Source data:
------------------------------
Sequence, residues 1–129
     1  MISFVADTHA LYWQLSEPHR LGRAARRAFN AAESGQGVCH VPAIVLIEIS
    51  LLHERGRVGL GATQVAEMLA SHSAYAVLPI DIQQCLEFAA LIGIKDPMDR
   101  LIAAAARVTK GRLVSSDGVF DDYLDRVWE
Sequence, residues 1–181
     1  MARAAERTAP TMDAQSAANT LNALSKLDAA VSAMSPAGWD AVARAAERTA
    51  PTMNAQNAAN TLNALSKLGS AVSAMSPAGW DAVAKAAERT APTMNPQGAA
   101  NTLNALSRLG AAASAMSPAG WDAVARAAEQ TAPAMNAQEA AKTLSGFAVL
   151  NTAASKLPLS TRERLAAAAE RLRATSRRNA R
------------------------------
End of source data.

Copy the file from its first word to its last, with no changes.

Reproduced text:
Sequence, residues 1–129
     1  MISFVADTHA LYWQLSEPHR LGRAARRAFN AAESGQGVCH VPAIVLIEIS
    51  LLHERGRVGL GATQVAEMLA SHSAYAVLPI DIQQCLEFAA LIGIKDPMDR
   101  LIAAAARVTK GRLVSSDGVF DDYLDRVWE
Sequence, residues 1–181
     1  MARAAERTAP TMDAQSAANT LNALSKLDAA VSAMSPAGWD AVARAAERTA
    51  PTMNAQNAAN TLNALSKLGS AVSAMSPAGW DAVAKAAERT APTMNPQGAA
   101  NTLNALSRLG AAASAMSPAG WDAVARAAEQ TAPAMNAQEA AKTLSGFAVL
   151  NTAASKLPLS TRERLAAAAE RLRATSRRNA R